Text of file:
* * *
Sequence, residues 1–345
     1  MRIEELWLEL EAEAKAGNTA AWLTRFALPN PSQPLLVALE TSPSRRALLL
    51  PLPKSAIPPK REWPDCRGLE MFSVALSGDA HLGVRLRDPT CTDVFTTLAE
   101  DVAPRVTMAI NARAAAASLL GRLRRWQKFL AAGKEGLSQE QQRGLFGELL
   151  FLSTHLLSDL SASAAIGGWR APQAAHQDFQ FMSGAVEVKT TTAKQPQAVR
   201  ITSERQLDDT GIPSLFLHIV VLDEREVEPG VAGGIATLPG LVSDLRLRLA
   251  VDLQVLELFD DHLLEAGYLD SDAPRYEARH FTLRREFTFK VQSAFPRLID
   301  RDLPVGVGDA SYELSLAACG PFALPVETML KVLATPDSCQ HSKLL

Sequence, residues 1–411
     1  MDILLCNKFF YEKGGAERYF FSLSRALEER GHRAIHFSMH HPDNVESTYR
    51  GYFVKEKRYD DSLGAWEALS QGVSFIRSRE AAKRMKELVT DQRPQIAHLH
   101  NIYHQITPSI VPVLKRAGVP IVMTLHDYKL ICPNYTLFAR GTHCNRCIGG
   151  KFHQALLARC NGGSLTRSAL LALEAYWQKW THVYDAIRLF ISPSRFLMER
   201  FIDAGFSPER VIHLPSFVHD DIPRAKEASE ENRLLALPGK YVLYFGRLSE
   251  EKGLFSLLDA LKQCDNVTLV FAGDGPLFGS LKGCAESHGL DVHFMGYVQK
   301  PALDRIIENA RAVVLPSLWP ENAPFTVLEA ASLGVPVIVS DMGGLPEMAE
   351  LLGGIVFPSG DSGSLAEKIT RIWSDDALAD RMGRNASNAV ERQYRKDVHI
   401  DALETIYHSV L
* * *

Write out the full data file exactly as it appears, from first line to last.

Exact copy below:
Sequence, residues 1–345
     1  MRIEELWLEL EAEAKAGNTA AWLTRFALPN PSQPLLVALE TSPSRRALLL
    51  PLPKSAIPPK REWPDCRGLE MFSVALSGDA HLGVRLRDPT CTDVFTTLAE
   101  DVAPRVTMAI NARAAAASLL GRLRRWQKFL AAGKEGLSQE QQRGLFGELL
   151  FLSTHLLSDL SASAAIGGWR APQAAHQDFQ FMSGAVEVKT TTAKQPQAVR
   201  ITSERQLDDT GIPSLFLHIV VLDEREVEPG VAGGIATLPG LVSDLRLRLA
   251  VDLQVLELFD DHLLEAGYLD SDAPRYEARH FTLRREFTFK VQSAFPRLID
   301  RDLPVGVGDA SYELSLAACG PFALPVETML KVLATPDSCQ HSKLL

Sequence, residues 1–411
     1  MDILLCNKFF YEKGGAERYF FSLSRALEER GHRAIHFSMH HPDNVESTYR
    51  GYFVKEKRYD DSLGAWEALS QGVSFIRSRE AAKRMKELVT DQRPQIAHLH
   101  NIYHQITPSI VPVLKRAGVP IVMTLHDYKL ICPNYTLFAR GTHCNRCIGG
   151  KFHQALLARC NGGSLTRSAL LALEAYWQKW THVYDAIRLF ISPSRFLMER
   201  FIDAGFSPER VIHLPSFVHD DIPRAKEASE ENRLLALPGK YVLYFGRLSE
   251  EKGLFSLLDA LKQCDNVTLV FAGDGPLFGS LKGCAESHGL DVHFMGYVQK
   301  PALDRIIENA RAVVLPSLWP ENAPFTVLEA ASLGVPVIVS DMGGLPEMAE
   351  LLGGIVFPSG DSGSLAEKIT RIWSDDALAD RMGRNASNAV ERQYRKDVHI
   401  DALETIYHSV L